Sehwag already had a slice of luck in his favour when he was dropped by Ed Cowan on five at the total 13 for no loss.
The opener had aimed to flick Hilfenhaus off his pads and the ball had gone in the air, low to Cowan's left at mid-wicket but the fielder floored the chance.
Sehwag, in the short time that he was in, struck two off-side fours off Hilfenhaus and had just put on the highest opening stand with Gambhir of 26 runs when he fell in an astonishing manner.
Dravid, for the sixth time in the series, was bowled but this time it was a cruel turn for the star batsman. He played back to a Ben Hilfenhaus delivery which kicked from a length, hit him on the elbow and crashed on to his stumps.
Gambhir, who began with a steer through point off the first ball of the innings, was generally assured and hit two lovely cover drives off the front foot off Siddle.
Tendulkar was his usual serene self, flicking Hilfenhaus to the mid-wicket fence even though there were two short mid-wickets positioned specifically for it.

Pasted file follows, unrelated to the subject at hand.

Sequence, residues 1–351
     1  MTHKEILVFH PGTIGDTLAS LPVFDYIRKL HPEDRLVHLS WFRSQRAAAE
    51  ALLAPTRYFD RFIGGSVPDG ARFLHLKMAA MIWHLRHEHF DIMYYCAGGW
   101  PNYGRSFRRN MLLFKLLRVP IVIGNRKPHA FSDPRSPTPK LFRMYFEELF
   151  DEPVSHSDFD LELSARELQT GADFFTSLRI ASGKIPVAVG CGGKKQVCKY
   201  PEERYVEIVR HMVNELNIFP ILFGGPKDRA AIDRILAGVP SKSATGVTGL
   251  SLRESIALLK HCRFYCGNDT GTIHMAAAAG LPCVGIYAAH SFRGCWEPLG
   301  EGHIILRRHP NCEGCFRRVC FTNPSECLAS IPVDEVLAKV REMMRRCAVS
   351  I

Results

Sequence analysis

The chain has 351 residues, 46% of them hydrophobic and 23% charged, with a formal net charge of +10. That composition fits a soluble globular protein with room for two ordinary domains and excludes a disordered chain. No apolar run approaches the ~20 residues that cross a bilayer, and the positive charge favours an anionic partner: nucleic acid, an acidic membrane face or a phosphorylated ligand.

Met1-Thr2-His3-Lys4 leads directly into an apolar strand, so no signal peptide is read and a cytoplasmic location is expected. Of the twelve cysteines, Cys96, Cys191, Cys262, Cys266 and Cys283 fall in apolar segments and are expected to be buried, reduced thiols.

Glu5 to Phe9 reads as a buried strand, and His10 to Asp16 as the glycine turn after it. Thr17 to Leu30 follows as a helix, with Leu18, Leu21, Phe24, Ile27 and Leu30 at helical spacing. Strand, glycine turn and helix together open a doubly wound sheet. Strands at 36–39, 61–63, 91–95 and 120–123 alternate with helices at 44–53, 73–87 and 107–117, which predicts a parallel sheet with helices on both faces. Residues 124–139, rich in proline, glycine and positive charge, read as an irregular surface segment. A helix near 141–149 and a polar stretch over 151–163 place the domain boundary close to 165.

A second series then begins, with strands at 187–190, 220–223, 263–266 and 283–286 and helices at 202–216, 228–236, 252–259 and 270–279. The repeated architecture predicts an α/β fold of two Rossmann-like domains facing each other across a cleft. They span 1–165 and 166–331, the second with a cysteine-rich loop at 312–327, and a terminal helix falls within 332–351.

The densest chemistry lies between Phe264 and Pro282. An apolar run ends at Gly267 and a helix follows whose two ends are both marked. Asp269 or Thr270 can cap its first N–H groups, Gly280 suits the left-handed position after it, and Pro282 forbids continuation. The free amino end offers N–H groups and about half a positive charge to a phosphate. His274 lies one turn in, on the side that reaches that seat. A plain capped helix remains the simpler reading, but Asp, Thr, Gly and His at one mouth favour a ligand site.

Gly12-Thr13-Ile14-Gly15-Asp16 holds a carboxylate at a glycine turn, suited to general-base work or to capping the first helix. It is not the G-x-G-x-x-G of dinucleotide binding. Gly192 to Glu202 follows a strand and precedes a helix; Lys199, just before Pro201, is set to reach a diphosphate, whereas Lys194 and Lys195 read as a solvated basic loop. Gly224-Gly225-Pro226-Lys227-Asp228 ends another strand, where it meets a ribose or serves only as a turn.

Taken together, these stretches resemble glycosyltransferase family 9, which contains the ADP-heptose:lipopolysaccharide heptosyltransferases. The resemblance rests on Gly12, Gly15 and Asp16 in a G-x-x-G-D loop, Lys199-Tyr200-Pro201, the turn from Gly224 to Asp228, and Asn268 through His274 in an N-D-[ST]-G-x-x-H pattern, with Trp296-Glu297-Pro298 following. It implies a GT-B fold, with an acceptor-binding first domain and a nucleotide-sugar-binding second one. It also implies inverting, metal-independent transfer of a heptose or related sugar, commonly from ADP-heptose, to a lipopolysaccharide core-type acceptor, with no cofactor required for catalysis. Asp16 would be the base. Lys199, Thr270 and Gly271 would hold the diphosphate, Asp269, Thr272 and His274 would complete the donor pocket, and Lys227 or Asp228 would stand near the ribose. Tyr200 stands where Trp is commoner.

Earlier Australia, resuming at the overnight score of 335/3, batted till half an hour after tea before declaring their first innings on 604/7. In all they played 67 overs on the second day.
It was a Ponting-Clarke show yet again as they improved upon the best-ever partnership at Adelaide Oval which belonged to Graeme Pollock and Eddie Barlow of South Africa -- stand of 341 runs managed during the 1963-64 series.
The Australian captain took just 275 balls for his 210 runs though he occupied the crease for 380 minutes. Clarke smacked 26 fours and a six.